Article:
Arsonist
+8
Workspace Consultant
I feel like the car sales, door-to-door sales omen, is going away, especially with many lucrative sales jobs out there right now and more to come with the Tech Companies getting funding for expansion.

The ability for companies to tap into other markets now with remote workers is only going to help increase the positive outlook on sales.

This is a topic I think the can be discussed for days.Β 

What do you think?
SaaSguy
Politicker
+5
Account Executive
It's definitely something to keep an eye on. I think sales is unique in that it ends up attracting people from a fairly diverse background career/education wise. It will be interesting to see if in a decade a "sales" degree is a requirement companies will have.
CaneWolf
Politicker
+12
Call me what you want, just sign the damn contract
I didn't see this, good spot. There is a version of this article put out by a major outlet every so often. The story doesn't change. Also, the most surprising part of this is "The Wall Street Journal is catching on."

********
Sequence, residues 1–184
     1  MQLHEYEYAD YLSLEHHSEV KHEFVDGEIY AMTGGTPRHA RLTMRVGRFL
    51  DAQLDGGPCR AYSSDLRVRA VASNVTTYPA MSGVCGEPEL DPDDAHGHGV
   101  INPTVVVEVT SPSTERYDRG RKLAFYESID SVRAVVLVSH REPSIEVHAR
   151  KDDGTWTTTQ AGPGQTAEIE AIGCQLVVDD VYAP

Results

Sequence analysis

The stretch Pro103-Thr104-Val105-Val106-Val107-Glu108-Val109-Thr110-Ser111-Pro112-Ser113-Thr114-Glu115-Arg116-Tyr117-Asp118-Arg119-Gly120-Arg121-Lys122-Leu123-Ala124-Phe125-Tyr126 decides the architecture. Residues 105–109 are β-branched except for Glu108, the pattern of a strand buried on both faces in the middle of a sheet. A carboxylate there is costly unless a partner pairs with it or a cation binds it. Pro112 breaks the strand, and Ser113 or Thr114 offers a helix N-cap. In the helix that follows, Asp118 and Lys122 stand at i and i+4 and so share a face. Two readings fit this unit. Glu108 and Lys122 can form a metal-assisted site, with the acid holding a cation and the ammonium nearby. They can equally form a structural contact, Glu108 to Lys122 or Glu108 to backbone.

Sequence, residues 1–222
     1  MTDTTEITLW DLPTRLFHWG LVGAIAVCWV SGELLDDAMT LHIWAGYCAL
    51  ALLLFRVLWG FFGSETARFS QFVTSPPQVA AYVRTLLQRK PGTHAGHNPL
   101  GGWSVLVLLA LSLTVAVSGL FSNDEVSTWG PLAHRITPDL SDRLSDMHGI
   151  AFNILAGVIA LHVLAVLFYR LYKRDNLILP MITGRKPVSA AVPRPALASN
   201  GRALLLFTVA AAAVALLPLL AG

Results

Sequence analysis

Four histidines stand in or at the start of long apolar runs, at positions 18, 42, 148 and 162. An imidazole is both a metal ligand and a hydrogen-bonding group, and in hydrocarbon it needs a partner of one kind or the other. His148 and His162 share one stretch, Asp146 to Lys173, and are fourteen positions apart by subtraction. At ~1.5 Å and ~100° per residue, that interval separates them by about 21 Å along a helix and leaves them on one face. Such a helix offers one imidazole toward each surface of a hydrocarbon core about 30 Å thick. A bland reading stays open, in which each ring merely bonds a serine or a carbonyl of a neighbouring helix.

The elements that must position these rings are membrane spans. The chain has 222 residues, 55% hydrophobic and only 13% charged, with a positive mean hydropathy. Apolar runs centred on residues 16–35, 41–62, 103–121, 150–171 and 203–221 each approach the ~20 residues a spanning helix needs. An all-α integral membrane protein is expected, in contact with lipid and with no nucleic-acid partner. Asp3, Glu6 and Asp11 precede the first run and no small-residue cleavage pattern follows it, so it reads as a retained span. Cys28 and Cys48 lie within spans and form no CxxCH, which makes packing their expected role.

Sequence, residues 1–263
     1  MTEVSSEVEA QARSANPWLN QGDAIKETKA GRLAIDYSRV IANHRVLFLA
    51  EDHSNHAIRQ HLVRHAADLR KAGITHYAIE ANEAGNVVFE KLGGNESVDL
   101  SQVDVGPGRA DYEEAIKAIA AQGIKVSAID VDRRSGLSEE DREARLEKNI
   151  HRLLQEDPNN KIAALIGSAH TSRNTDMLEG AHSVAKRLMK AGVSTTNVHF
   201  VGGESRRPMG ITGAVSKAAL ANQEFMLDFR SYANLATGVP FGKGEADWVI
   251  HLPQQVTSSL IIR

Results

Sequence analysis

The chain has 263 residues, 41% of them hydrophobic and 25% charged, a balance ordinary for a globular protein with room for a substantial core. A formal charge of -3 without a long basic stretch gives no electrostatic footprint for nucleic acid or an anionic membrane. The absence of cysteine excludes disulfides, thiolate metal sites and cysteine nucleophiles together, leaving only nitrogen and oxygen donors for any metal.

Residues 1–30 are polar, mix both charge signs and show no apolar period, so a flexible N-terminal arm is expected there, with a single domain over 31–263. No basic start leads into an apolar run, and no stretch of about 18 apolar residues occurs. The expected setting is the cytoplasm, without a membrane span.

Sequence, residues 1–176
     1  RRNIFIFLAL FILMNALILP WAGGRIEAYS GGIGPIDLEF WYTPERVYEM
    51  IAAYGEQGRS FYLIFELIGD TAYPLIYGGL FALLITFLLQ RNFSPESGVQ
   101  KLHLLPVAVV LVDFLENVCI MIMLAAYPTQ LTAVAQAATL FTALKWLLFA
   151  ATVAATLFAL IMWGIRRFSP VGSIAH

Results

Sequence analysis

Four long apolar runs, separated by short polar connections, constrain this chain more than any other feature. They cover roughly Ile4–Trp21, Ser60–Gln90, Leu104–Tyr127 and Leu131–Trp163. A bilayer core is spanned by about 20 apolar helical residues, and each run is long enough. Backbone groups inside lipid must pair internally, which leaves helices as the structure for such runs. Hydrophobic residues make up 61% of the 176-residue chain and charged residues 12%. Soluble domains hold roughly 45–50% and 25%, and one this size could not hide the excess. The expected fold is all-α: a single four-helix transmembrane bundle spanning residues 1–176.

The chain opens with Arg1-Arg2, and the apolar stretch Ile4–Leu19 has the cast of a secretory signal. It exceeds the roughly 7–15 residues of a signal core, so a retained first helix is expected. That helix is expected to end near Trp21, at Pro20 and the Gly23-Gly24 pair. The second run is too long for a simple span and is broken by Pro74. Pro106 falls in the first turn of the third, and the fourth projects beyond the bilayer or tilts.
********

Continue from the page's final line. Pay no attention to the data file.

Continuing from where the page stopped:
Re
RedLightning
Politicker
+7
Mid-Market AE
There are two people I work with ~25 years old with sales minors/certificates from college.Β 
MontBlanc
Notable Contributor
+13
Senior Account Executive
So it has begun... what colleges?
Re
RedLightning
Politicker
+7
Mid-Market AE
Baylor and University of Washington I thinkΒ 
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plssircanigetanotherpo
Executive
+3
IC
Sales is all about learning from experience and by being in the trenches. I don't mind having a few college courses on sales, like electives, but as a major? Hell no to the power infinity.Β 

Imagine "studying" sales for 4 years without getting any commission checks and worse, you're supposed to be paying them? Definitely not a sentiment I can co-sign.Β 
MontBlanc
Notable Contributor
+13
Senior Account Executive
The good thing is that sales is too real and too important for a college major to really have any sway in hiring #cantfakeclosedrevenue, everyone will still have to pay dues as a BDR and go from there, I guess it wouldn't hurt in getting an entry-level job but it'd probably be better just to get a food service or retail job instead of spending 4 years and $100k.